- Kale and Collards
- Siber Frill Kale
Siber Frill Kale
A tender, frilly kale for salads and cooking. Starting out as a curly-edged kale when young, Siber Frill goes on to divide and curl until it makes a fluffy head of fine-cut leaves like frisee. These leaves stay tender as they enlarge, and get very sweet with cool weather. You can run a leaf through your fingers and get a pile of fine-cut elegant florets in a second. They hold dressing super-well, and their loft keeps flat baby leaves from sticking together. Most kales are only good for cooking as the leaves get to the largest sizes, but Siber Frill stays tender, sweet, and salad-ready all the way to spring. An OSSI open-source variety bred by organic farmer Jonathan Spero, who grew our seed. 60 days to full size. Brassica napus. 80 seeds
The Open Source Seed Initiative exists so that breeders who originate new varieties can protect them from exploitation and patenting by corporations. It means that the breeder has freely given up her patent rights in order to keep the variety in the public domain forever. The OSSI pledge reads: "You have the freedom to use these OSSI-pledged seeds in any way you choose. In return, you pledge not to restrict others' use of these seeds or their derivatives, by patents or other means, and to include this pledge in any transfer of these seeds or their derivatives."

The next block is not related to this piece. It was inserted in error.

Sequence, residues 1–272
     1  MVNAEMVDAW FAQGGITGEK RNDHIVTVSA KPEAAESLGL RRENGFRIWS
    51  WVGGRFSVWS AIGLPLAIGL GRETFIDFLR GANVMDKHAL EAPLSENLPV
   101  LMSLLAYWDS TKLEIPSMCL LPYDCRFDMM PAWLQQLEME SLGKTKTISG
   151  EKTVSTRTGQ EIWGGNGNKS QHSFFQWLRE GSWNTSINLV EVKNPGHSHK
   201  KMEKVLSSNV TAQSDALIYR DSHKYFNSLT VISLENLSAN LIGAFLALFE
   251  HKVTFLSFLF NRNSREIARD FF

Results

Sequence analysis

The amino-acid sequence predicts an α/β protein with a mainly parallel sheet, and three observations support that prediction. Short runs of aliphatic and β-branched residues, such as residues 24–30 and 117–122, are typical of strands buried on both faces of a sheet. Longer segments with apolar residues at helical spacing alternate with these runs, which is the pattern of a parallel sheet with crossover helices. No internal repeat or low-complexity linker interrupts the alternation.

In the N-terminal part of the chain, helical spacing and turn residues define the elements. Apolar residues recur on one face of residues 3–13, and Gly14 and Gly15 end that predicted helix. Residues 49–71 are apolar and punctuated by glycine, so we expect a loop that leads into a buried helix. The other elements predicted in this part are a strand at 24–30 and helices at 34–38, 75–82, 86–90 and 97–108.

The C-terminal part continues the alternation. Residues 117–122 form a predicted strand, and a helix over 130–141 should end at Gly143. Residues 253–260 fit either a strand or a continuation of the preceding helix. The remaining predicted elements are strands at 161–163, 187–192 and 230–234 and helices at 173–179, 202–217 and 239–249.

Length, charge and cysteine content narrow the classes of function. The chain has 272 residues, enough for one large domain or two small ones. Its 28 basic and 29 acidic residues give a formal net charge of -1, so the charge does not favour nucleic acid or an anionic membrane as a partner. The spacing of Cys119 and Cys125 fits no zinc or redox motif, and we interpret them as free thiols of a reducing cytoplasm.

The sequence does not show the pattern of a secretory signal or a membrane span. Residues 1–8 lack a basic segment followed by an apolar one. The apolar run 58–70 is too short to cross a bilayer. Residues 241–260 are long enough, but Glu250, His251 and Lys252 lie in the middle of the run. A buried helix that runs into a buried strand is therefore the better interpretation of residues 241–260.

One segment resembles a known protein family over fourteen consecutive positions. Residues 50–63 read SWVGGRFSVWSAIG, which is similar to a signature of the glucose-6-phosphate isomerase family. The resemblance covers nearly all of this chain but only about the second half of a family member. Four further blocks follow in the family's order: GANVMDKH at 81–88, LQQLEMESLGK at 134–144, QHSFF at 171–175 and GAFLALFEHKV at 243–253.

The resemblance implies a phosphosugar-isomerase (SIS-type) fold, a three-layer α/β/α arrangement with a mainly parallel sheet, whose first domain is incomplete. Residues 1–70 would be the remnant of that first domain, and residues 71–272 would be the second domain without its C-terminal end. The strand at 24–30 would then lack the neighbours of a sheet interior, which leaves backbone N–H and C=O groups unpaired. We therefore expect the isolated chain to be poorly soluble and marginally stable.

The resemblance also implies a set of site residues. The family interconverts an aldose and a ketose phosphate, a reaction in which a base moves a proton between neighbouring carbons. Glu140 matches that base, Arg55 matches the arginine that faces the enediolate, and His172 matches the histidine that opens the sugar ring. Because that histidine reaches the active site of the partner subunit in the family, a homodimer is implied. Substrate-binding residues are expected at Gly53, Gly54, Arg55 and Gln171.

Very cold-hardy winter standbys, whose flavor is sweetened by frost. Very easy to grow.
Like all brassicas, these like a soil with plenty of compost and some lime (pH 6.5 to 7.) Usually sown in trays or pots and transplanted when space opens up in the garden. Transplant after there are at least 6 leaves, and before they are pot-bound. Bury up to the base of the first leaves, firm well. If the weather is hot, dry, or windy, remove the bottom pair of leaves to minimize shock.
Siberian kales are extremely cold-hardy, surviving temperatures well below zero. Their flavor is best when sweetened by frost.
Collards are actually a non-heading, cabbage, with smooth, tender leaves and a mild flavor. They don't have to be used all at once like a head of cabbage; pick leaves as needed. They are a standby for meals all year. Many folks--like my mother--only survived the Great Depression because home-grown collards were available year-round. Traditionally served with bacon and a sprinkle of vinegar in the South. The Portuguese national dish is a stew of collards, sausage, and beans. I like them lightly cooked and served cold as a winter salad, too.
Tree Collards are a unique perennial hardy in zones 8-10. It doesn't usually make seed. It has seldom been commercially available, instead gifted from neighbor to neighbor as a "passalong plant," primarily in African-American gardens. We are grateful to all those generations of gardeners who preserved it for us.
Seed-saving: Lacinato kale and collards are the same species as cabbage, cauliflower, broccoli, Brussels sprouts, and kohlrabi--Brassica oleracea. Siberian kales are Brassica napus, like rutabagas. Turnips and Asian greens are another species, Brassica rapa. Texel greens are Brassica carinata. All varieties within the same species will cross with each other.